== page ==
Coprophagia: Why Dogs Eat Poop!
Let’s face it: our dogs do some pretty gross things. Who hasn’t had to refuse a slobbery kiss from a dog after watching him or her engage in a cleaning session of, shall we say, unsavoury body parts? Dogs are also less discriminatory about what they eat. As owners watch in horror, dogs have been known to pick up items such as rotten meat found outside a dumpster, mouldy bread in the park, or even feces. Why do dogs engage in this behaviour? Clinically known as coprophagia, eating feces is a relatively common problem. There are a number of causes, ranging from learned instinct to emotional distress. Listed below is everything you need to know about why your dog may be feasting nappropriately.
Prior to domestication, canines were natural foragers. In order to consume all the necessary nutrients, they often had to resort to eating the feces of other dogs and animals. Modern dogs may continue to seek nutrients from feces as an ode to their ancestors, which necessitates taking a looking at your dog’s diet and ensuring that he or she is being fed nutrient rich food.
Just like humans, dogs can suffer from imbalances of the microflora within their digestive tracts. A “natural” way to fix this problem is to eat stool from other animals. While this solution is not as appetising as eating an extra cup of yogurt per day, it can be an effective method to restore balance. For these dogs, a canine probiotic may be necessary.
Instinctually, dogs do not like to have their living areas dirtied with scents that may attract predators. When puppies are born, mother dogs tend to eat the feces of her young in order to tidy the den. When dogs are primarily kept outside and the owner does not regularly clean up the dog’s messes, the pup make take it upon itself to clean the yard. Additionally, a dog that is regularly scolded for relieving itself in the house may resort to coprophagia to hide the evidence.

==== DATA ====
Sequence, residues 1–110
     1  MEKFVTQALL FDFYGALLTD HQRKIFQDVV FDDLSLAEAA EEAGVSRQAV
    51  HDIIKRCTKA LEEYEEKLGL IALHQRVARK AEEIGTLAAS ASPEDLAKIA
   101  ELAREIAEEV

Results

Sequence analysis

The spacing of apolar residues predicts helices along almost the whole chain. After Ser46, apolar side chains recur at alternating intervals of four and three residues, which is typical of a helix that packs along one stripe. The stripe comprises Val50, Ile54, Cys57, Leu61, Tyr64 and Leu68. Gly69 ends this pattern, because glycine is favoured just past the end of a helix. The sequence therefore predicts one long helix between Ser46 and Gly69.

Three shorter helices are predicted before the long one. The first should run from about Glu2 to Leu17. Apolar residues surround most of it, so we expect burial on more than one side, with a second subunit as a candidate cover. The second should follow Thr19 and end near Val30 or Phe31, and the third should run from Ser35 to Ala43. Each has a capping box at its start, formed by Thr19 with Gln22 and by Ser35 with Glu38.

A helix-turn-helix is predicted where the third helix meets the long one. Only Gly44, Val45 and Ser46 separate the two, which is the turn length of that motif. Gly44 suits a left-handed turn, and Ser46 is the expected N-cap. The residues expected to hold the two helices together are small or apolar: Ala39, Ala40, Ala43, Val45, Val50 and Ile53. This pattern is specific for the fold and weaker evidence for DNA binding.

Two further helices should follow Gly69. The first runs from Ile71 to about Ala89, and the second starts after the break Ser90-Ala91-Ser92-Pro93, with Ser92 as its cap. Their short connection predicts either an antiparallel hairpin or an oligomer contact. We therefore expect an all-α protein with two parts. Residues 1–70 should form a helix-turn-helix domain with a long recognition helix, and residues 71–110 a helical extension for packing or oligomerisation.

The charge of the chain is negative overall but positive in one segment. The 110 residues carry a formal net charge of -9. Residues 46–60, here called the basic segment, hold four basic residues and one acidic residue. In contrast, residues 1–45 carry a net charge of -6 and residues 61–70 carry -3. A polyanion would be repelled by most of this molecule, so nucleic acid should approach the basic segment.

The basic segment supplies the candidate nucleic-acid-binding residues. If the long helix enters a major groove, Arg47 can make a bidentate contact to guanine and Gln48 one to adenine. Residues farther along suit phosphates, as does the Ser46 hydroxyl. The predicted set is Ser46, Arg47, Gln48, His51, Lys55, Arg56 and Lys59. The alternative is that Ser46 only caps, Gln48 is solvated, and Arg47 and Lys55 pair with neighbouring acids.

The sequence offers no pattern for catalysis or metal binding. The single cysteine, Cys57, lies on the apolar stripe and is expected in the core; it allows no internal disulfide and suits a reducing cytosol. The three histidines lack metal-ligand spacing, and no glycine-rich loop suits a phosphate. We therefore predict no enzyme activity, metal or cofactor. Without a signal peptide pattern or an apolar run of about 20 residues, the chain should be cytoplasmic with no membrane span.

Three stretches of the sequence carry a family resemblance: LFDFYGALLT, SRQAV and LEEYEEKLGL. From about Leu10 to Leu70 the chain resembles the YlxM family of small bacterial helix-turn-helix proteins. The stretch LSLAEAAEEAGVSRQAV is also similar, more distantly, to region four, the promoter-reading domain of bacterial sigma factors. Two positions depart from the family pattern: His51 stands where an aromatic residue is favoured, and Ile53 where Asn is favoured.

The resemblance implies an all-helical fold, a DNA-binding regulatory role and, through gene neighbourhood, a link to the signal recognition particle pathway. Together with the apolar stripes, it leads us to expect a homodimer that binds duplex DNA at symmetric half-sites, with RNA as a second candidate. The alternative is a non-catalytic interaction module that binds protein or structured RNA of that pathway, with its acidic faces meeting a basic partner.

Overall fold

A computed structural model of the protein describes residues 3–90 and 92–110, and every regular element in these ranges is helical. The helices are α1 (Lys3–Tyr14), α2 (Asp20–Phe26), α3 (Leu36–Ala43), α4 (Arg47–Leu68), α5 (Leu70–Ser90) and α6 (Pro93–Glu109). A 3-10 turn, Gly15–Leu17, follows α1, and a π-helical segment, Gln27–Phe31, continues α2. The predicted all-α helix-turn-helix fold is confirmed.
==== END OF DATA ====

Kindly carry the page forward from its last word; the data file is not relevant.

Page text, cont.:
When a dog is infected with parasites such as roundworm, tapeworm, whipworm, or hookworm, his or her nutritional needs will not be properly met. These pets may resort to eating feces as a last-ditch effort in order to replenish the nutrients that the parasites are stealing from the dog’s food. Owners should have a stool sample examined by a veterinarian in order to eliminate worms as a cause of coprophagia.
If nutritional imbalances and housekeeping woes can be ruled out, feces-eating should be considered a behavioural problem. As with the majority of behavioural issues that dogs display, there is an attention seeking component. Dogs do not care whether the attention they are receiving is positive or negative, and if a dog has been scolded once for eating feces, he or she will continue to repeat the behaviour in order to elicit more attention. For these dogs, a visit with a trainer may be the best option to curb the habit.